A second to lose.
In a bizarre Bears beat-the-clock conclusion, the bewildered Broncos would bear the burden of another defeat – their sixth straight since last December. Coaches, quarterbacks and seasons may change, but results and misfortunes don’t.
Gamblers who backed the Broncos (2.5-3-point underdogs) Sunday will be jovial. Grumblers who love the Broncos will be cheerless and blame the officials who erroneously put one second back on a scoreboard clock that showed 0:00 and provocatively called Bradley Chubb for a roughing-the-Trubisky penalty. Grouches will complain legitimately about tackle Garett Bolles (three holding penalties, another declined by the Bears) and guard Ron Leary (two holding violations), the offensive fiasco to score more than two touchdowns in eight quarters and the defensive failure to record one sack or a turnover in two games.
Truth is, the Broncos just aren’t good enough to win. It’s the Kyle Orton Syndrome – whatever bad that can happen will happen.
For instance, the Broncos trailed 13-6, and were still in the contest, with 12:42 remaining in the final period when they took possession at their 24. On the sideline, coach Vic Fangio, his staff and quarterback Joe Flacco were confident enough to discuss that when, not if, the Broncos scored a touchdown, they would go for a two-point conversion to earn the victory in regulation.
The offense flowed smoothly to first-and-goal at the Bears’ 4-yard line with 5:58 to go. The Bears had been worn down and out by the altitude and the heat and were taking their last gasps. On third down the Broncos stood at the 2, and Flacco threw right toward Emmanuel Sanders, but cornerback Kyle Fuller, one of the best pick players in the NFL, intercepted at the 3. Another red zone opportunity, as has been the case since Super Bowl 50, was squandered.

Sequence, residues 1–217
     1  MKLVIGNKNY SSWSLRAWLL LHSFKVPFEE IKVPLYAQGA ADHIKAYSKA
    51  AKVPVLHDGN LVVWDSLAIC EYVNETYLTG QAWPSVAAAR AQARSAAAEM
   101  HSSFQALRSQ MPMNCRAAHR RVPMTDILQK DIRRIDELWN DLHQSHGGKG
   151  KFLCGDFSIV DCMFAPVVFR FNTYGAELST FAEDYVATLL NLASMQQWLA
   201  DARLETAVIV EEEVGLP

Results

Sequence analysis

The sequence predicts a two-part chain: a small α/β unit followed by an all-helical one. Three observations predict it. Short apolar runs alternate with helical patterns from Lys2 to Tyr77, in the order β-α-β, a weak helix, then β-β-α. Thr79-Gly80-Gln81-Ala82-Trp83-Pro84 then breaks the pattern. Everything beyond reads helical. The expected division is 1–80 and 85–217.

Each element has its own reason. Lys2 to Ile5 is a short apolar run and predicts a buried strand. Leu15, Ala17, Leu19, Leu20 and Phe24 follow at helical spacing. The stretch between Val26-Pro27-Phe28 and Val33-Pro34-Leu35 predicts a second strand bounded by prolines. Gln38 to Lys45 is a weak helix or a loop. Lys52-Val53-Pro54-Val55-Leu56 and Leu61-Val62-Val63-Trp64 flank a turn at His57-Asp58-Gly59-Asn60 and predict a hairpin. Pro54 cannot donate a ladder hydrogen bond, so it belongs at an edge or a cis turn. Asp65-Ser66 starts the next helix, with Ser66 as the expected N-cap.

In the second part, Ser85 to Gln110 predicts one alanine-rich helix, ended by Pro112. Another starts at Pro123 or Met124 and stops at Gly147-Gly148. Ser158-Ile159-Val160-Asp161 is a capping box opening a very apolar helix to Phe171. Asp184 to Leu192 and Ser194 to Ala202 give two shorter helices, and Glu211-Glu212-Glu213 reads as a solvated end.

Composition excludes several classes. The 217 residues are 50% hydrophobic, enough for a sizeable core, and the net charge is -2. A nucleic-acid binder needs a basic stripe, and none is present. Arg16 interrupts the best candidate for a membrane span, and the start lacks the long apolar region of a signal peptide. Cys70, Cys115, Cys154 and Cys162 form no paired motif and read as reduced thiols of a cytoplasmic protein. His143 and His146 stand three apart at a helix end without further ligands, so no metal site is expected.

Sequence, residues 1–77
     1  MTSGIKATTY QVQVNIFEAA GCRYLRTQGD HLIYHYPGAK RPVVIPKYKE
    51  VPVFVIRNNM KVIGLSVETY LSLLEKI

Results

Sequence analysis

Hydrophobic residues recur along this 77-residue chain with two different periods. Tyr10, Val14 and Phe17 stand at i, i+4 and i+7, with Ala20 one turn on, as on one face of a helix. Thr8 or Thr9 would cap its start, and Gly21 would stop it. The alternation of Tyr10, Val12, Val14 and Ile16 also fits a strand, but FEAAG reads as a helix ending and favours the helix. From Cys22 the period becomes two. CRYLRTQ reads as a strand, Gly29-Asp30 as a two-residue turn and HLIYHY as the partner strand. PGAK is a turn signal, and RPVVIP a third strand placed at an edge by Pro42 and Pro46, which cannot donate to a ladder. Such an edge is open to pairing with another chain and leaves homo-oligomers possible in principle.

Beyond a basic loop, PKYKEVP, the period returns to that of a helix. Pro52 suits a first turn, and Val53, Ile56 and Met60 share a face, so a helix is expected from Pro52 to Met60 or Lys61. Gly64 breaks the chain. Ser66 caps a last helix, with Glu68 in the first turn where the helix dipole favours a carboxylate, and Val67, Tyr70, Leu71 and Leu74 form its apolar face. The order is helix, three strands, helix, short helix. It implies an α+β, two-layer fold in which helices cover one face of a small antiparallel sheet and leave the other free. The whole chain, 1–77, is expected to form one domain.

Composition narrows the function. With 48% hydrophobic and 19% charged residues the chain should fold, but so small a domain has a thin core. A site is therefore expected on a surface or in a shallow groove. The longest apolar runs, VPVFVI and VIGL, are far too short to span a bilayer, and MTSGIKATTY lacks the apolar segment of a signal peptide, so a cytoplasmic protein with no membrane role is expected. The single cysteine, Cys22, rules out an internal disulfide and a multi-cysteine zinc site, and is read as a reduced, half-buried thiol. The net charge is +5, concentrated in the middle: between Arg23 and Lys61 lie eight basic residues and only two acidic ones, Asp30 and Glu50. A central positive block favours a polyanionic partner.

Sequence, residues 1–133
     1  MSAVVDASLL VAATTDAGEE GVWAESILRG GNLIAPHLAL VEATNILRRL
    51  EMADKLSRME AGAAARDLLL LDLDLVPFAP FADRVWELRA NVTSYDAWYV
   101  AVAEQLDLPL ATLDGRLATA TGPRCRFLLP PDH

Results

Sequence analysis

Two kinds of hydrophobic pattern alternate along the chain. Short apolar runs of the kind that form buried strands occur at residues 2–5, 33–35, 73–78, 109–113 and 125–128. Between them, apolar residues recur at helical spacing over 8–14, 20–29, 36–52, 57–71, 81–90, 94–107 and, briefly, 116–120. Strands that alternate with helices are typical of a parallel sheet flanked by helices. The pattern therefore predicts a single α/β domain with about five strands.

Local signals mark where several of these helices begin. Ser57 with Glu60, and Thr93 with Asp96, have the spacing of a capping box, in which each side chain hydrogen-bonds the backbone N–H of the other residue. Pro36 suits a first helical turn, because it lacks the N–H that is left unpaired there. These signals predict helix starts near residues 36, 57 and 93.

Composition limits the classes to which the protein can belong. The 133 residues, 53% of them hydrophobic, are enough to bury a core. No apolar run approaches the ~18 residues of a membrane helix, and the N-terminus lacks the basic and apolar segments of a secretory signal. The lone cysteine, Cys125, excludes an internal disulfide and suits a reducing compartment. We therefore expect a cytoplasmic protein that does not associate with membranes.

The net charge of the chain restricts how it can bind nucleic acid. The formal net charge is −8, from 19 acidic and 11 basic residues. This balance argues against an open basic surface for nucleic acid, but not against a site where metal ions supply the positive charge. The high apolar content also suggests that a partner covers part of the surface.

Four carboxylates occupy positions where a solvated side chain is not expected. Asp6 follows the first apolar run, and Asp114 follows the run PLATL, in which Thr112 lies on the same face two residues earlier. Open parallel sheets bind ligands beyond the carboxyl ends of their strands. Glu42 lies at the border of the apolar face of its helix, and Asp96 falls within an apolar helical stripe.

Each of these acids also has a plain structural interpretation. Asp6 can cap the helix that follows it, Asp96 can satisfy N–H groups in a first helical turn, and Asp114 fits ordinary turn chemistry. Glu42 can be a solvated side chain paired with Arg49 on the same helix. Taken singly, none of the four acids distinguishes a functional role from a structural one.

However, the Broncos would be presented with a second chance, which everyone deserves. Thanks to Flacco and Sanders this time, the Broncos would score a touchdown, and would attempt to try for two.
You can’t spell Emmanuel without “Man’’, and he is. Returning from an Achilles tear well ahead of schedule, he still catches everything but a crosstown bus. He would bust the Bears for the touchdown, then do it again for the two-point conversion to edge the Broncos ahead 14-13.
There were heart-rending minutes in between. In a Shakespearian farce of mistakes by both teams, first the Broncos, lined up for the deuce, were flagged for 12 men in the huddle. Pushed back, Fangio was forced to accept a tie. However, the reliable Brandon McManus pushed his kick right, and the Broncos seemed to have experienced “death by feet’’.
But, wait. The Bears were guilty of offsides. So the ball was moved to the one-yard line (for some unknown reason), and the Broncos went back to Plan A – a two-point play, which was a smart, shrewd decision by Fangio, who is trying to pair winning attitude with high altitude.
The Broncos were ahead and needed only 31 ticks of the clock for the triumph. They got only 30.
The Bears began at their 25 with a five-yard completion, with 15 yards added because of the roughing-the-passer penalty, which looked to everybody in America who doesn’t live in Chicago or wear a stripped uniform like a normal takedown, not a tempestuous tackle.
Nevertheless, the ball was moved to five yards shy of mid-field. Mitchell Trubisky got nothing with three incompletions, and, before fourth down, lost five on a delay-of-game infraction.
So, M.T., almost on empty, escaped trouble and threw to quality receiver Allen Robinson for 25 yards. Robinson went to ground and was touched by Chris Harris Jr. Trubisky rushed up to call time. Yet, the Broncos and those who hadn’t prematurely evacuated celebrated, and the Bears bowed heads.
After an officials’ rendezvous, referee Adrian Hill announced the clock would be reset at 0:01.
The Bears, who’ve suffered the Woes of Cody Parkey, sent out neophyte Eddy Pineiro, who pierced the air with the winning field goal.
For the Broncos, there were positives, negatives and neutrals.
But, they’ve lost their winning feeling from 2012-2015, and the presence of Peyton Manning, America’s Spokesman, at the stadium couldn’t counteract the numbness.
The Broncos are cursed and star-crossed, and will be cussed.